london fire brigade mum daughter

    FIRST MUM & DAUGHTER TO SERVE IN LONDON FIRE BRIGADE IN 150 YR HISTORY

    A mother and daughter have made history by becoming the first to serve with the London Fire Brigade at the same time in its 150 year history.

    New recruit Katie Holloway and her mum Sally Harper are keeping it in the family by working at the same fire station.

    Katie, 22, has joined the crews at Tooting Fire Station in south London where her mother, Sally, was first posted to when she passed out as a firefighter back in 1988, and is now the station manager.

    When Sally joined there were only seven serving women firefighters in the whole of London, compared to more than 300 across the capital today.

    Sally said the Brigade has changed a lot over the 28 years, adding: “Katie may have joined the same station as me, but it has changed so much since the late 1980s.

    “My locker was in a cupboard which I had to go through the men’s changing rooms to access.

    “After giving birth to my first daughter, Joanne, I was the first firefighter to come back to station after having a baby and attitudes towards women in the fire service were sometimes very challenging.

    “It’s so heartening to hear that Katie’s experience has been completely different and that everyone has welcomed her on the watch and been so supportive.”

    Katie has just completed her first full tour of duty and was thrown straight in at the deep end, tackling a storm that was given her name.

    She said: “We had a bin fire six minutes into my first shift and dealt with incidents from the recent storm named after me.

    “We’ve also carried out home fire safety visits and done lots of training so it’s been full on, but everyone has been so lovely and made me feel at home.

    “I’m immensely proud of the work my mum and others have done for women in the fire service which makes it a completely different experience to when she joined.”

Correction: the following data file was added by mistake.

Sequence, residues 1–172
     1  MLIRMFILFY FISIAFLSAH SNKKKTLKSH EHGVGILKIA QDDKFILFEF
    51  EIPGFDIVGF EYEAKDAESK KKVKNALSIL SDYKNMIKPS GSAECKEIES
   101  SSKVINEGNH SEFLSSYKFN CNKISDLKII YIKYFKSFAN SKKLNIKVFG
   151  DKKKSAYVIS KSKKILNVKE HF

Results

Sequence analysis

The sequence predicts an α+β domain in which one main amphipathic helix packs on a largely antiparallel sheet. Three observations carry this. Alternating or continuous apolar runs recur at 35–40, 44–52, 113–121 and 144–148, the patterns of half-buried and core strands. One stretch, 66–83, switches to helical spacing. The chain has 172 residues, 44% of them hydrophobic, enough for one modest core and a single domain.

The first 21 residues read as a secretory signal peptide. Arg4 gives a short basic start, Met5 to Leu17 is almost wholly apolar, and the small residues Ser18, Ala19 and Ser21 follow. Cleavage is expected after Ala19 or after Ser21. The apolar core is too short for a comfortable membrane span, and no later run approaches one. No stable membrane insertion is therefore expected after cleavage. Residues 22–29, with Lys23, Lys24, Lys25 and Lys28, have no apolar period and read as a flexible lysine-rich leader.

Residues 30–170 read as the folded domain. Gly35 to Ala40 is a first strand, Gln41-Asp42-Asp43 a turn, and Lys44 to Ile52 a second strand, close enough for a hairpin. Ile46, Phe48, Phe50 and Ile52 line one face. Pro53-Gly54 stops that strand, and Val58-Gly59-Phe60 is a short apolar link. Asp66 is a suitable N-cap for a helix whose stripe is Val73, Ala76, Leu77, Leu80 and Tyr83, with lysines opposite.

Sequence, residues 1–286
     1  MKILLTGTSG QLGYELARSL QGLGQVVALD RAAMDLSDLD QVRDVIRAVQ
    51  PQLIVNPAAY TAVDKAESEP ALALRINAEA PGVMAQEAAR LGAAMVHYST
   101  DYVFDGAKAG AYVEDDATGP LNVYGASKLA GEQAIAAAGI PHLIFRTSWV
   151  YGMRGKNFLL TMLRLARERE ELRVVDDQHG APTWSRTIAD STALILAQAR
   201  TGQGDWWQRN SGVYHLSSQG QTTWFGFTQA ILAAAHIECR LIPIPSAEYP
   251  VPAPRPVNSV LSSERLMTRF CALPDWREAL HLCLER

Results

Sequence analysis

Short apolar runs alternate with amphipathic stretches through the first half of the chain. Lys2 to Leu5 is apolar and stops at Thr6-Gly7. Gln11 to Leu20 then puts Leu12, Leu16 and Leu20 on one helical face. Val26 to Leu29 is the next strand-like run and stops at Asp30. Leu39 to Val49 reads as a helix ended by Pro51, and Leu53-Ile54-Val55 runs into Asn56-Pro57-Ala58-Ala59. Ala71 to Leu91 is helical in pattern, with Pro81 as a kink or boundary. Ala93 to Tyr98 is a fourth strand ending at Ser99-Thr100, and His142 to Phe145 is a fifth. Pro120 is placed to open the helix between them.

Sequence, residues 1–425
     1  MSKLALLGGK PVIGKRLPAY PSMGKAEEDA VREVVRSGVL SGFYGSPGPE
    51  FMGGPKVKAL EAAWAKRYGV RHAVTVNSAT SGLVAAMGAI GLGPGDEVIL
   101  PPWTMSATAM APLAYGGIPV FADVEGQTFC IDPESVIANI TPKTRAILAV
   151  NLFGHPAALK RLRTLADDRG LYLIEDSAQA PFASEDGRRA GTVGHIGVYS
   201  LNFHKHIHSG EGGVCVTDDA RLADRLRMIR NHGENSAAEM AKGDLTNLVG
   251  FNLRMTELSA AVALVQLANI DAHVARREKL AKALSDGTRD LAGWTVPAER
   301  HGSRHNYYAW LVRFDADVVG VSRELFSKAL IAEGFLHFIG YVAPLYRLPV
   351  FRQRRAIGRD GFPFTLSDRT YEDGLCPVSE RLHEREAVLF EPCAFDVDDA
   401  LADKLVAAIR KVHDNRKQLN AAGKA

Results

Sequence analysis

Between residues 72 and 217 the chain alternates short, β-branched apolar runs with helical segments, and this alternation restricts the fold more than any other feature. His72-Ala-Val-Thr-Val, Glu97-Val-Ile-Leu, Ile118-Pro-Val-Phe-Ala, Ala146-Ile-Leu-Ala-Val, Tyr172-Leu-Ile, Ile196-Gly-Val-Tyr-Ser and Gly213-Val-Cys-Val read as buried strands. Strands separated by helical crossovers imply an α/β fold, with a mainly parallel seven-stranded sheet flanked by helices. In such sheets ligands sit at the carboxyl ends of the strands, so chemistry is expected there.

Women firefighters were originally a shock to the public who at the time saw firefighting as a very male orientated job.

    Sally, who is now approaching retirement, said: “I’ve been a firefighter for the whole of Katie’s life so it’s always been normal for her to see me in this role and understand shift work which means we sometimes miss Christmas or birthdays.

    “When Katie was at play school she once pretended to be the driver and the teacher asked ‘what are you driving?’ She said ‘I’m driving a fire engine like my mum.’

    “The teacher tried to correct her and said ‘don’t you mean your dad?’ Katie came straight back with ‘No, like my mum!’

    “I love my job so much and it will be difficult to leave. But I’m so proud of the achievements we’ve all made in making the fire service a much better environment for women to work in.

    “Another highlight of my career was being involved in setting up the Juvenile Fire Intervention Scheme that helps children who demonstrate a dangerous fascination with fire.

    “Being a woman firefighter you become a role model for the next generation and I’m so pleased that Katie is following in my footsteps.”

    This year is the 150th anniversary of the formation of the London Fire Brigade (LFB).

    Although the Great Fire of London happened 350 years ago, it wasn’t until January 1866 that the Brigade was formed as The Metropolitan Fire Brigade (MFB).

    The MFB came about as insurance companies told the government they were unwilling to be responsible for London’s fire protection due to escalating compensation costs.

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